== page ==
National League Quick Hits: The Marlins took a potentially huge hit to their playoff hopes Monday, as Henderson Alvarez left his start with a strained left oblique. Marlins manager Mike Redmond said Alvarez will be handled cautiously, saying, “As much as we need him to pitch, we’re not going to let him go out there and jeopardize himself.” This may be the end of the line for the 24-year-old in 2014 ... Michael Morse tweaked his left hip during batting practice Monday and sat out as a precaution. He will have an MRI on the hip on Tuesday, but it's not expected to sideline him for too long, if at all ... Matt Holliday continued his assault on National League pitching, going 2-for-4 with three RBI, including a go-ahead RBI single in the eighth inning. Holliday has 12 RBI in his last three games, giving him 81 RBI overall ... Kolten Wong contributed in that game as well, hitting a game-tying two-run home run as a pinch-hitter. The homer came a day after Wong was forced to leave Sunday's game after hitting his head on the ground. Wong appears to have escaped without harm ... Ending the notes on a high one, Daniel Hudson was activated from the 60-day disabled list by the Diamondbacks on Monday. The 27-year-old last pitched in the majors on June 26, 2012, before undergoing two Tommy John surgeries over the next two years. Hudson returns as a reliever.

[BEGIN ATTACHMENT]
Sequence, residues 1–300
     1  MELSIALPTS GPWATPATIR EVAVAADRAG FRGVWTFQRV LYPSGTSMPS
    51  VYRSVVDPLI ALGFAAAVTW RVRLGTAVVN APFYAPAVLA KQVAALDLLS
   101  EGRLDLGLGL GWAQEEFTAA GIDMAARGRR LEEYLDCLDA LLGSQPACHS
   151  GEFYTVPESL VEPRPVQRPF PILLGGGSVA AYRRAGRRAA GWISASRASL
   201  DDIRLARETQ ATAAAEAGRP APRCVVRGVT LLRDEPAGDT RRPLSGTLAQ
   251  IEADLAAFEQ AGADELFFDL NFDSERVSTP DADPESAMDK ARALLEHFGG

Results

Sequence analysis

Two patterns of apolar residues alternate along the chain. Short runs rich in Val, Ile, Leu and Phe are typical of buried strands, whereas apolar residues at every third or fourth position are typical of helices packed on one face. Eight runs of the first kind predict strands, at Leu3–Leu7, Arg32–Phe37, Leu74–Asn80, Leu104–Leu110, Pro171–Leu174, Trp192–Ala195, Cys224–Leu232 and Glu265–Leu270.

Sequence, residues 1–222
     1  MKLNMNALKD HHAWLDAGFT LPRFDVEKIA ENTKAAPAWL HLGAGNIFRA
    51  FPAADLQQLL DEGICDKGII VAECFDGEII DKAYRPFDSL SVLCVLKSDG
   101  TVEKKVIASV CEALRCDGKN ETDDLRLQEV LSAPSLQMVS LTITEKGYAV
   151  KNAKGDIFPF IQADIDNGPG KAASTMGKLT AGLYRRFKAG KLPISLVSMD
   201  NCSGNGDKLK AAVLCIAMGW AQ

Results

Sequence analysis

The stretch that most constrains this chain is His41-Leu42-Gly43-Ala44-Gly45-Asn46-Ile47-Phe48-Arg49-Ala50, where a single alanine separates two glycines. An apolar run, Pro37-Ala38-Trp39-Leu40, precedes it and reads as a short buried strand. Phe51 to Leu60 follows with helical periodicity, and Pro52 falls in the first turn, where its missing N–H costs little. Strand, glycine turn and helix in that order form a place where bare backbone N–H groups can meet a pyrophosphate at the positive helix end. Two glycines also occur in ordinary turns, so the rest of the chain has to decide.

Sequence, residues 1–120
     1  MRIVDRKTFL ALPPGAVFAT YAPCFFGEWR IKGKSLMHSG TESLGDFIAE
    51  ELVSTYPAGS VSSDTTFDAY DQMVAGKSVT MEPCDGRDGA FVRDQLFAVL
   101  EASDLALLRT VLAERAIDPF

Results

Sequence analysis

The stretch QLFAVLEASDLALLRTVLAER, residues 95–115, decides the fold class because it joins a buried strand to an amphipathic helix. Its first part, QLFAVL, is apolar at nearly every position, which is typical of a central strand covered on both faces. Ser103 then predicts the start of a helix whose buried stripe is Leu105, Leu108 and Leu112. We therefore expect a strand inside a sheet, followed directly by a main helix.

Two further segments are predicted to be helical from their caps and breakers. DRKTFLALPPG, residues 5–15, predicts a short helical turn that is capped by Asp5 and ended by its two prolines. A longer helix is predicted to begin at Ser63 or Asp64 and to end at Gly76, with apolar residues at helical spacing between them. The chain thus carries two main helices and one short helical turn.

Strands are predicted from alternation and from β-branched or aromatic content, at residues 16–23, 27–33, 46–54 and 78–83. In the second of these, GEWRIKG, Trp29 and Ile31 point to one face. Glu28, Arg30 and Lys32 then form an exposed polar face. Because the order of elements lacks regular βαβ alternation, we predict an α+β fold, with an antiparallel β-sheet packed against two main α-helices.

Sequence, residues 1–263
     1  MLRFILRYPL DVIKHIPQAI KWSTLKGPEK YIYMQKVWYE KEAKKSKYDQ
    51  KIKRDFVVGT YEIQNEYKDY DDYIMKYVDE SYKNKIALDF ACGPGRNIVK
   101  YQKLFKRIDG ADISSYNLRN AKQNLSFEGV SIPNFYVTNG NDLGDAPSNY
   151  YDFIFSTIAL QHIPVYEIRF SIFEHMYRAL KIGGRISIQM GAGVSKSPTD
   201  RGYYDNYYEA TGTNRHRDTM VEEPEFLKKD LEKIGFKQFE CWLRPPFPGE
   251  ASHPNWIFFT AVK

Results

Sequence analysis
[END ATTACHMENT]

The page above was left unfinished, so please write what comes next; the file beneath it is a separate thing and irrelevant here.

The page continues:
American League Quick Hits: The Royals activated Eric Hosmer from the 15-day disabled list Monday. The first baseman missed a month with a stress fracture in his right hand. Hosmer went 1-for-4 with a stolen base in his return to the Royals' lineup ... Adam Dunn, who was traded from the White Sox to the Athletics on Sunday, homered in his first at-bat with the A's. Batting cleanup, Dunn went 2-for-3 with the two-run shot ... The two-run homer was enough support for Jason Hammel, who threw eight innings while allowing a lone run in Monday's win ... Miguel Cabrera had a huge Labor Day, going 4-for-5 with two home runs, three RBI and four runs scored. With Monday's outburst, Miggy has "just" 19 home runs on the year ... Another name of note recalled Monday, although not making his major league debut, was Taijuan Walker. The 22-year-old threw six innings in relief of starter Chris Young, who was shelled from the outset, allowing one run while striking out five. It's unclear whether that strong showing will change his status with the team, but he's talented enough to be a streaming option against lesser opponents if he's given the chance to start.